The drive to live is endemic to the human condition. We all want to live, to do, to know, to be. Our natural inclination is to work to preserve our lives, and actively avoid dying. Most people consider dying for someone else’s benefit to be a ‘noble’ act. But there are very few people whose mind-set includes the preparedness to sacrifice their own life on earth in order to protect or preserve the life of someone else. Consider the many news stories coming out of the US and other places, that tell of a person or some who are in personal danger, and although there are bystanders – sometimes quite a few – no one helps them. They just watch, maybe call for police help, but otherwise disregard the immediate and dire need of a fellow human being, in order to protect themselves from possible injury or death. A few years ago, a young man was murdered by his seatmate on an intercity bus in Canada. The victim had been sleeping, when the other man took and knife and began to viciously attack him, and cut his throat with a knife he had. The bus had been nearly full, but when the attack began, the rest of the passengers vacated the bus, and even held the door shut so the attacker could not come after them – but the three dozen of them made no effort to stop the attack. The young man was killed in exquisite pain and fear, his murderer then following the attack by biting off some of his flesh, and no one of some 30 other passengers were willing to risk injury to help and protect him. We recoil at this thought, but it is a common story across the world; human beings will ‘look out for number one” before they will inconvenience or risk themselves for another person’s well-being.

I propose that part of the reason most men are unwilling to die for someone else is that they are afraid. Most people claim to believe in some sort of “God”, and most also claim to believe in some sort of heaven after they die. Polls show that most people in the west say they believe that, if there is a heaven, they will go there. But the fact is that most people don’t know what they should believe, and most people are afraid that when they die, their story ends, their life is done, or their final outcome will be bad. The fear of the unknown, the fear of hell, and the fear that guilt causes men who, as Paul wrote, know God is and of what sort God is, and they know that if God judges them, they will be found wanting – these things motivate men of all kinds and ages across every generation to preserve their own lives at any cost, so that in general, most are not prepared to sacrifice their own life so that someone else will live.

As I type these words I consider myself; I don’t like to just walk up to someone and strike up a conversation.  I am not a small-talk kind of person, and I really do find myself at a loss for what to say – to ask or to tell – with someone I don’t know. I feel awkward in those situations, and when we are awkward, we become self-conscious and don’t think very clearly about what we might want to say. I don’t have good ‘opening lines’; I am not sharp or clever at creating a situation into which I can inject the gospel. And because of my own weaknesses, I don’t tend to walk up to total strangers so I can tell them about Jesus. But that’s a really bad reason, when I know most of those I see are perishing and haven’t heard the good news that Jesus saves perishing men.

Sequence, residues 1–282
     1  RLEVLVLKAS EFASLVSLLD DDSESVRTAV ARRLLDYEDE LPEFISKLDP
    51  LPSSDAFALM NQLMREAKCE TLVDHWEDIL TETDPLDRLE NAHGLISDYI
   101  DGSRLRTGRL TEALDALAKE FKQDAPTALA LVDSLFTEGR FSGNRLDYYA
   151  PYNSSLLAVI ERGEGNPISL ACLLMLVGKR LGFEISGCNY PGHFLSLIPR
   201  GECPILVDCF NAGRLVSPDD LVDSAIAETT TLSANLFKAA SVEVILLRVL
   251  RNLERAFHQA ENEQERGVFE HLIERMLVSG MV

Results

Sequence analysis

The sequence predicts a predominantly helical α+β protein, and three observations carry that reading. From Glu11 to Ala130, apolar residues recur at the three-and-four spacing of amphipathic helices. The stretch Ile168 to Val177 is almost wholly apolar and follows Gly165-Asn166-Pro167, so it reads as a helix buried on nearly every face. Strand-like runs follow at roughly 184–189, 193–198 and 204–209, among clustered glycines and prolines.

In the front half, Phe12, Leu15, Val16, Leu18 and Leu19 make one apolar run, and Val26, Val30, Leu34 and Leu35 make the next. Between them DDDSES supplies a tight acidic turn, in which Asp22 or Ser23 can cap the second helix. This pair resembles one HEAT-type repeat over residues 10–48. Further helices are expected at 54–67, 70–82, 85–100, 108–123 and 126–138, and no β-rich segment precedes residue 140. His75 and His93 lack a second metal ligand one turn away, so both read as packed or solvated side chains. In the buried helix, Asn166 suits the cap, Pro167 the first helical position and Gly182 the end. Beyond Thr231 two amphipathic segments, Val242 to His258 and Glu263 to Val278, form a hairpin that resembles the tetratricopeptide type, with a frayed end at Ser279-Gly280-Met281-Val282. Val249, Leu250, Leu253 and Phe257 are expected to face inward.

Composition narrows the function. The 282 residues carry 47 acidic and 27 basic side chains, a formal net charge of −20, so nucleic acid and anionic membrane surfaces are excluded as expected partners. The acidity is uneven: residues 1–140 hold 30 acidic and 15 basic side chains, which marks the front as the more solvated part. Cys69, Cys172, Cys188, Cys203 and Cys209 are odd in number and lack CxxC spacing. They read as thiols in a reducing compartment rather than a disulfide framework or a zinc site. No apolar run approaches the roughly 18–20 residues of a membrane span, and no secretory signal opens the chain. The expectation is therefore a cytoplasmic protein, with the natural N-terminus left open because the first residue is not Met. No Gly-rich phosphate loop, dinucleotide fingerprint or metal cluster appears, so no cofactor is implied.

I know that if I will not risk my comfort, my sense of personal security, and even my social or physical well-being, there are many people who will not hear the gospel from me. And the truth is that there are many people who have not heard the gospel from me; many more than those who have. Why, if we believe what God has said, and believe what God has promised, do any of us find it so difficult to open a conversation of life and death with a stranger. If they were walking onto a street with an on-coming bus, we would not stand on ceremony; we would shout a warning, run to stop them from stepping out, try to pull them back onto the curb. The only difference between this and sharing the gospel is …

8    Yet God commends His own love to us that, we still being sinful, Christ died for us.

God is not like us. God was prepared to suffer temporary pain, shame, anguish, and ignominy – things which do not accompany the nature of God, and things to which He had no jurisdiction – because we were in mortal danger. God voluntarily set Himself in the position to suffer and die, because we needed Him to do so. If God did not save us, we could never be saved. Please consider this carefully: if God had not saved us, we could never be saved. There was no alternative; no man could purchase our lives back from death. No angel was qualified to redeem mankind’s sin-debt. Only God could fulfill our obligation on our behalf, but only at considerable cost to Himself.

What we must learn from Christ’s voluntary self-sacrifice is that we can endure pain because we know it is not terminal. Whipping and stoning, stabbing and cutting, tearing, beating, shooting, dragging, or any other hideous thing that wicked men can conceive to do to cause suffering and death to a fellow human, can only cause us pain if we belong to Jesus Christ. They can kill our bodies, but our spirits live on in paradise with Him until He returns to resurrect them as new, immortal bodies.